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Study: Glaucoma patients need better education on marijuana

Popular perception of marijuana's effects on glaucoma significantly overstate what research has shown.
By Stephen Feller   |   Dec. 24, 2015 at 9:39 AM

WASHINGTON, Dec. 24 (UPI) -- The perception of marijuana's effects on glaucoma significantly outpace what research has shown, according to a new study that researchers said suggests the public needs to be re-educated on medical uses for the drug.

Marijuana has been legalized for medicinal or recreational purposes in 23 states and Washington, D.C., in recent years, based largely on voter referendums.

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Many of the votes have been passed on a 1999 Institute of Medicine report on marijuana's possibly therapeutic effects for a range of medical conditions, including glaucoma. Researchers note that while marijuana can relieve the effects of glaucoma for three or four hours, patients would need to be dosed eight to ten times per day for a "sustained therapeutic effect."

Researchers in the new study, published in the Journal of the American Medical Association, said patients need to be educated on the drug and its specific effects on glaucoma -- which they note is not supported by scientific evidence.

"This study contributes to filling the gap in our knowledge about patients' perceptions toward using marijuana for glaucoma and their intentions to seek this therapeutic alternative," researchers wrote in the study. "Understanding these intentions will become even more important as states continue to legalize marijuana for recreational use (currently Washington, D.C., and 4 other states), as patients with glaucoma will then have access to marijuana without the need for a physician to prescribe this drug."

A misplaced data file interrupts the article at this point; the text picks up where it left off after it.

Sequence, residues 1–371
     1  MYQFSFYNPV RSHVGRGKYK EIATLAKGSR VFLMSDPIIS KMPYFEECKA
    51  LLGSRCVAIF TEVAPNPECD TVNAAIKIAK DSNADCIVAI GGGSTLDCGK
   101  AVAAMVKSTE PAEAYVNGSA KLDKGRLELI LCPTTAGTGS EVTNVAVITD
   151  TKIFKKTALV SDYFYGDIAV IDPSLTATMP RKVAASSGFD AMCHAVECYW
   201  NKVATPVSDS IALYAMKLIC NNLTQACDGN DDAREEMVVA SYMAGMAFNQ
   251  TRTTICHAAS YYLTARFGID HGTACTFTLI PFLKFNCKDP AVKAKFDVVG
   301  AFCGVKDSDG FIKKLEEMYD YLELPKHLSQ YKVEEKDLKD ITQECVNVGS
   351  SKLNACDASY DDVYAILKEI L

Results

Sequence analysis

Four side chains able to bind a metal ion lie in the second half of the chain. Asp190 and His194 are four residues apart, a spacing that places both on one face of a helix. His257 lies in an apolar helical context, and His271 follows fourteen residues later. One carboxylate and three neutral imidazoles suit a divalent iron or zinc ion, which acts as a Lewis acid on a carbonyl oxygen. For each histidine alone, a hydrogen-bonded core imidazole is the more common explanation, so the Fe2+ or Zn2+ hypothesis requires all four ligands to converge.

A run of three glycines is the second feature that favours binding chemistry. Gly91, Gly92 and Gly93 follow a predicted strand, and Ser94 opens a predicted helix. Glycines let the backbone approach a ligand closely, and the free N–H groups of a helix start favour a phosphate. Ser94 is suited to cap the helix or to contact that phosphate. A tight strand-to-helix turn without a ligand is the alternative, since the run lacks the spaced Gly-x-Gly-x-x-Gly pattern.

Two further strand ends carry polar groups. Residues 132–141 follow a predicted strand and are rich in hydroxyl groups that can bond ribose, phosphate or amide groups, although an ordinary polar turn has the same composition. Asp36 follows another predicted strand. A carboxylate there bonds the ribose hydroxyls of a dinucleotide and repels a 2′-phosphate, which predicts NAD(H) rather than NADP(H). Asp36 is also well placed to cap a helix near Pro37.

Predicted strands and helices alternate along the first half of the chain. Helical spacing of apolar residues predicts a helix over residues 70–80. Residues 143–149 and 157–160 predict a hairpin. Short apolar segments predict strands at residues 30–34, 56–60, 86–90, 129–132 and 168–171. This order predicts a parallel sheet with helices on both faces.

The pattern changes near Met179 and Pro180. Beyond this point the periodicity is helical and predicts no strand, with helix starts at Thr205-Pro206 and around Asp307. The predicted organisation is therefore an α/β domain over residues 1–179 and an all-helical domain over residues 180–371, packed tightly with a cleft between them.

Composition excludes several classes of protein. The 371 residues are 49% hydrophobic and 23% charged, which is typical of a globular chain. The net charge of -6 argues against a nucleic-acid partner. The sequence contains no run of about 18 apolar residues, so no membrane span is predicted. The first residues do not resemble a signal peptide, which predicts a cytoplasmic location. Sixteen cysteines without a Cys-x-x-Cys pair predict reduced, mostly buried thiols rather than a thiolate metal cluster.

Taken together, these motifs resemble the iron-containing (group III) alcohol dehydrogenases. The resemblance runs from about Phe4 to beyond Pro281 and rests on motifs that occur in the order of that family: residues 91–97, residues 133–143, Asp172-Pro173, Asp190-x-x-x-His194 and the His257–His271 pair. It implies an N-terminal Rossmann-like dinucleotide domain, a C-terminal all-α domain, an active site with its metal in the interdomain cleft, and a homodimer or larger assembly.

The researchers surveyed 204 patients who have glaucoma or were suspected to have it between February 1 and July 31, 2013, at a glaucoma clinic in Washington, D.C. The patients completed a survey on their glaucoma, knowledge about marijuana and its effects on the condition, satisfaction with their current treatment, and intentions to use marijuana for glaucoma.

The researchers said many patients had inaccurate expectations or knowledge about the drug's effects on glaucoma. False percentions of the efficacy of marijuana on glaucoma, satisfaction with current care and relevance of costs for marijuana versus their current treatment all factored in heavily on whether to use the drug for their condition.

Marijuana legalization, for medicinal or recreational purposes, has grown but researchers said there has been a disconnect between actual research-supported uses for the drug and popular expectation of what it can do.

"This strong public-driven shift toward legalization of medical marijuana seems to clash with the relatively weak scientific evidence supporting its therapeutic use, particularly for treatment of glaucoma," researchers wrote in a separate editorial, also published in the Journal of the American Medical Association. "Altering this complex web of beliefs, misconceptions, satisfaction, and discontent requires an equally intricate patient-centered approach if physicians who treat patients with glaucoma are to effectively influence patient perception and transcend the clash between scientific evidence and popular culture."

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